Given this evolving ambiguity, I went to the Urban Art Projects site, where you will find plenty of images, plus some words of explanation from the Director, Ron Radford, who tells us:

The fish trap is based on a 1950s Maningrida fish trap and UAP have been able to interpret and enlarge the original woven piece into a stunning 12 metre long intricate metal work. The fish trap is a feature work in the atrium and the shadow pattern it produces is almost as beautiful as the work itself.

By UAP’s own account, the work was “curated by the NGA”. You can even watch its time-lapse construction on YouTube here. Fascinating.

The question remains, who is the author of this feature work? It seems almost inconceivable that if the original fishtrap from Maningrida was made in circa 1995 it could lose the attribution of the artist who made it. Whatever the circumstances of the acquisition of the original, with a little research the problem of authorship could have been easily solved, surely, and permissions for a named (or attributed) replica negotiated. However when you go to the UAP site (but not the NGA site) you find that it was produced in collaboration with the Maningrida artist George Ganyjbala:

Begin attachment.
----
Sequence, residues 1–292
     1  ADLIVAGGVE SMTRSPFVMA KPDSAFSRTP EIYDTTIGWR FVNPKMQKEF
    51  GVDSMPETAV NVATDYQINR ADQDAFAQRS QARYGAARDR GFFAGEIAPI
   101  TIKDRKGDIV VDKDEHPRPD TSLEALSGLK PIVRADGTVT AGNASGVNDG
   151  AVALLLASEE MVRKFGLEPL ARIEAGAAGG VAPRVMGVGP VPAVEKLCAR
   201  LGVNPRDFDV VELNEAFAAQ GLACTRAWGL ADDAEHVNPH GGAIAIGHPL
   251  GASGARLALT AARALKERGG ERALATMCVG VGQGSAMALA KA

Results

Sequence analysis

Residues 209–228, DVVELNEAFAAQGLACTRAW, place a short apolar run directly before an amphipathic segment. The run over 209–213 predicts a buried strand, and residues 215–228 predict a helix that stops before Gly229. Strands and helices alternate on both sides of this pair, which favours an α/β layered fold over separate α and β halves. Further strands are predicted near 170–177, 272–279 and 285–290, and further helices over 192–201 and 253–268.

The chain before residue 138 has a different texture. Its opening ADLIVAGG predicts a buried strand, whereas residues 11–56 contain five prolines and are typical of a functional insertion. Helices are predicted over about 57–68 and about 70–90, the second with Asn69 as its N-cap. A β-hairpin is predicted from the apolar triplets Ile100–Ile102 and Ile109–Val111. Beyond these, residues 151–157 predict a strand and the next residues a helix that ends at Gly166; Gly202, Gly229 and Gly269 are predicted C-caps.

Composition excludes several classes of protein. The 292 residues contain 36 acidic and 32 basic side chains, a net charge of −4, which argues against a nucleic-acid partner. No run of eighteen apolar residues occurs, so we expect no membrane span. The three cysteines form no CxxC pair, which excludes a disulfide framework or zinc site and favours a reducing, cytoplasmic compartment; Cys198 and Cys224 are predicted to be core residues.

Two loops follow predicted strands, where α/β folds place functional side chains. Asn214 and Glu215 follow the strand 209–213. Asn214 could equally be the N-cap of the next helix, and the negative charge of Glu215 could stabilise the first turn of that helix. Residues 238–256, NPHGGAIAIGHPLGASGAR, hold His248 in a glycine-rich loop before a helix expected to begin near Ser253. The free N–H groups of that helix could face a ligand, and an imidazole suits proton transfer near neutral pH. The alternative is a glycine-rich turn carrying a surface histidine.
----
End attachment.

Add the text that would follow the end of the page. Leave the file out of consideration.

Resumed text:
The Maningrida fish trap is an important sculptural commission and presents a contemporary interpretation of a traditional woven fish trap from the Maningrida Aboriginal community in Australia’s Northern Territory. Works of art from Maningrida carry a strong reputation and are represented in collections nationally and internationally. UAP’s design team travelled to the Northern Territory to work with George Ganyjbala, Maningrida elder and skilled fish trap maker and his family.